quinta-feira, 16 de junho de 2011

O dilema da plantação de soja na Amazonia

NATURE | CORRESPONDENCEprevious abstract next abstract
Brazilian soya: the argument against

Brenda Baletti
Nature 474, 285 (16 June 2011) doi:10.1038/474285b
Published online 15 June 2011
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Rachael Garrett's arguments for a market-based approach to Amazon conservation (see Nature doi:10.1038/474285a; 2011) hinge on the assumption that the expansion of agro-industrial development in Amazonia is inevitable. Using market mechanisms to solve environmental problems is questionable when those problems are themselves caused by market-driven expansion.

It is the relatively small soya-production area of Brazil's Santarém region that makes it an important case study. If voluntary market-based conservation programmes do not work even on a small scale, what are the chances of success for larger-scale programmes such as the Round Table on Responsible Soy (see http://go.nature.com/jc6ua1), hailed as the way to mitigate problems created by agro-industry?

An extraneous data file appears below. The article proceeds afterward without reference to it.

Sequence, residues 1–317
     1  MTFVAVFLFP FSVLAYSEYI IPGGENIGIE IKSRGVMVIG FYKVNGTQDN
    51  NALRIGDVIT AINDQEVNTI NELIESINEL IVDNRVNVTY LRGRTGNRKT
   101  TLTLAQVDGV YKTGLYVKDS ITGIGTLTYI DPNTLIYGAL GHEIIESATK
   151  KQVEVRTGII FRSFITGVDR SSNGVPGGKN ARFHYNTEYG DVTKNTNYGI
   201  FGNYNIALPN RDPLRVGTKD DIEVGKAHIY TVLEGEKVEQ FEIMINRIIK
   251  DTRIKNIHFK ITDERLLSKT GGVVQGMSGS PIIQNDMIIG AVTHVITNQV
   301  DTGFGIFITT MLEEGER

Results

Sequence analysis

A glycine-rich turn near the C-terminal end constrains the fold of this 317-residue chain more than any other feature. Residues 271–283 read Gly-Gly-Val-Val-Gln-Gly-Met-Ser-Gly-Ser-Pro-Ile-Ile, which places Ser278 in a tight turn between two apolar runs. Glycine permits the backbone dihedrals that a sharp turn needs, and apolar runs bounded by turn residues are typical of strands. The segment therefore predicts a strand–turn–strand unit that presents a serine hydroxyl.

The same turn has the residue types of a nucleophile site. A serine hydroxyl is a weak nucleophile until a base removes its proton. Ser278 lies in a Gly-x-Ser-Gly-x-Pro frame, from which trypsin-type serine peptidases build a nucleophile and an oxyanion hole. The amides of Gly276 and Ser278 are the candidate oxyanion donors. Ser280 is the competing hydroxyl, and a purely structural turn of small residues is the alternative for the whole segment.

Conservation organizations must face up to the social consequences of their programmes. The Santarém case shows that exclusively addressing environmental aspects of a complex problem exacerbates socio-political issues. The social unrest there correlates with environmental degradation in the region (C. S. Simmons et al. Ann. Assoc. Am. Geogr. 97, 567–592; 2007).

Amazonian deforestation has accelerated and extraction of its resources have continued under the market-based conservation paradigm. It is time for a radical rethink of the development model.

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